## 8. Comments and conclusion

In this paper we have provided the full set of formulas needed for a self-consistent complete EGN-model, derived using an extension of the procedure proposed in [24] to remove the signal Gaussianity assumption.

In detail, we have derived for the first time single-channel non-linearity formulas, which had not been addressed in [24]. We have also shown that the ‘XPM’ formulas proposed in [24] as an estimator for cross and multi-channel NLI (that is, of all NLI except single-channel) can substantially underestimate non-linear noise in certain scenarios, especially in systems with low-dispersion fibers, where additional NLI terms may be significant. We have provided the complete set of formulas describing all possible cross- and multi-channel interactions, and carefully validated them vs. simulations.

The EGN-model presented here exhibits the best predictive power so far, among the various approximate GN-related models available. This is not only true at a span count nearing maximum reach, but throughout the link. It shows no evident bias versus non-linearity over or underestimation. It can be used reliably at even ultra-low dispersion, such as over LS fibers. It can also potentially be used to study pre-compensation techniques and mixed fiber environments. Its effectiveness in these latter contexts will be investigated in a specifically devoted forthcoming paper.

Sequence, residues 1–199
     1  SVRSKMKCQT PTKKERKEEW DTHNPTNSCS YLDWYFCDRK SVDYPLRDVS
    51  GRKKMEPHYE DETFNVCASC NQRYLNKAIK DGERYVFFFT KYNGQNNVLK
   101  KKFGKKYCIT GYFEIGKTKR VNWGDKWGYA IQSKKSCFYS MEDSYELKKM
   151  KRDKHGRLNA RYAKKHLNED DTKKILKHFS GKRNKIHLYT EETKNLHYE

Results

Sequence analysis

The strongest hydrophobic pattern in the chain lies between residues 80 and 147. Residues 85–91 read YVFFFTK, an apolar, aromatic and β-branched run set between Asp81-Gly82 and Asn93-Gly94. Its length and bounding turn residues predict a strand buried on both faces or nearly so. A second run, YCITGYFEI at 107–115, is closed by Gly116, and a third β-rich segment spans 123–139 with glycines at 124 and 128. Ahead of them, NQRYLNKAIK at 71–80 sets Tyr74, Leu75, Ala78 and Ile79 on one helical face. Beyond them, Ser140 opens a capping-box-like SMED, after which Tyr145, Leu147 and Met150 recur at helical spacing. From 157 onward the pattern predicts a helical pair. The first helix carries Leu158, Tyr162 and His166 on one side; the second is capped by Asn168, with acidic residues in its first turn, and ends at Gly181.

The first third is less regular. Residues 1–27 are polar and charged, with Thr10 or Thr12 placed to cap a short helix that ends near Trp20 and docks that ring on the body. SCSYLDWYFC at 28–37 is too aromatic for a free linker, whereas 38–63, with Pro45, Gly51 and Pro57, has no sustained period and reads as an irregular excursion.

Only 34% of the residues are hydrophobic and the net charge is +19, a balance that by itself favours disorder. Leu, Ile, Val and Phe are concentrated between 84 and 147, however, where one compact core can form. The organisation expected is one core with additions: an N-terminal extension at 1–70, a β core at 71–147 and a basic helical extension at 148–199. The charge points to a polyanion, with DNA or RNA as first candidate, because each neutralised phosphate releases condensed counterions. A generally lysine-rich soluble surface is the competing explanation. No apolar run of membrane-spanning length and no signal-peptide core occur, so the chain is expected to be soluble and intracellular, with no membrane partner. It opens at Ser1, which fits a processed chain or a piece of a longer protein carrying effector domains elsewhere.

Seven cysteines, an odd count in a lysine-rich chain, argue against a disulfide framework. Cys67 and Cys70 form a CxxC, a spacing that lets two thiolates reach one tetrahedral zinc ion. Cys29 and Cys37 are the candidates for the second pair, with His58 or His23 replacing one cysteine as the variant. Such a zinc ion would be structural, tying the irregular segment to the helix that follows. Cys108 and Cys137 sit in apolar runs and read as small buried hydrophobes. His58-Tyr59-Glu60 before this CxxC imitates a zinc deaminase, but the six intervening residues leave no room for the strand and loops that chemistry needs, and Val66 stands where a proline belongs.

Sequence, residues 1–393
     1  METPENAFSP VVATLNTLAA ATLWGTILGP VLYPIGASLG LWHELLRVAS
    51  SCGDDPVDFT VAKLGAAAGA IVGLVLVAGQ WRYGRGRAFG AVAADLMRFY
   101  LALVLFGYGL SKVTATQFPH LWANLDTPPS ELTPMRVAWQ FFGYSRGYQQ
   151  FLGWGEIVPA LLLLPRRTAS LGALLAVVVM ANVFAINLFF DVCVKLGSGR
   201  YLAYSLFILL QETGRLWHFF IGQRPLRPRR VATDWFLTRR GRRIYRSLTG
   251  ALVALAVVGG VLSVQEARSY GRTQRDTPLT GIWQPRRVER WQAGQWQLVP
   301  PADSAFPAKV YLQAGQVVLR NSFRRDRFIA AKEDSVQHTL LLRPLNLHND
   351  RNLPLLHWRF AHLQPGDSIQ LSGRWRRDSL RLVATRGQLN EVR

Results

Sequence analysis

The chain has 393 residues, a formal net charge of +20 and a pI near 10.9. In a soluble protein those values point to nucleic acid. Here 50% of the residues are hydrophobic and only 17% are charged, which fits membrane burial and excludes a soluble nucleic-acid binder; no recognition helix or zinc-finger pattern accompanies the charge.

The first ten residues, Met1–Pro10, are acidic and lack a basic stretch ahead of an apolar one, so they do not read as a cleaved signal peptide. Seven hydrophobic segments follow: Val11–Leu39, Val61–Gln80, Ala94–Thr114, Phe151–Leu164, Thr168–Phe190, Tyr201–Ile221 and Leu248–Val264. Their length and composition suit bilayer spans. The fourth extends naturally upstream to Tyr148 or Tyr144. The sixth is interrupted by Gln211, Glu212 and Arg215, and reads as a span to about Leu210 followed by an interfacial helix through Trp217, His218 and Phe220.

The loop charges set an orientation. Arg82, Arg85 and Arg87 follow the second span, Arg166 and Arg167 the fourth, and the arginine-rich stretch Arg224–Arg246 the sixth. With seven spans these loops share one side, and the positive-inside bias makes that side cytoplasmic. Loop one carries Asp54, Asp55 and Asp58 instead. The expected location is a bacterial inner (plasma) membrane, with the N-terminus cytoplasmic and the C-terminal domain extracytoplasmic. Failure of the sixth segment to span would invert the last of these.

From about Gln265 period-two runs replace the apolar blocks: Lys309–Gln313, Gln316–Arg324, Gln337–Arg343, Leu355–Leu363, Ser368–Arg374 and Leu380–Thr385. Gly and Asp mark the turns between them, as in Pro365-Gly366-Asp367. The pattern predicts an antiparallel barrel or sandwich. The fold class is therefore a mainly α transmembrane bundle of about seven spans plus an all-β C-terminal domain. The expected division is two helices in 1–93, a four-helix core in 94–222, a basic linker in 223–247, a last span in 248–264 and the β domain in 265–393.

Looking at the final EGN-model formulas, it is evident that the price to pay for its increased accuracy is increased complexity. In certain cases, the potential speed up vs. standard split-step simulations can be as low as just a factor of 20. A key objective for research in the near future is therefore that of trying to drastically reduce such complexity, perhaps by deriving from the EGN model suitable GN-model correction terms which permit to combine improved accuracy with reasonable complexity. A first result towards this goal is reported in [26].

## Appendix A: Complete XCI formulas

Here are the detailed expressions of the ${\kappa}_{mn}\left(f\right)$ contributions for XCI appearing in Eq. (18). The formulas for ${\kappa}_{11}\left(f\right)$ and ${\kappa}_{12}\left(f\right)$ were already shown in Sect. 4. The others are as follows:

## Appendix B: Complete MCI formulas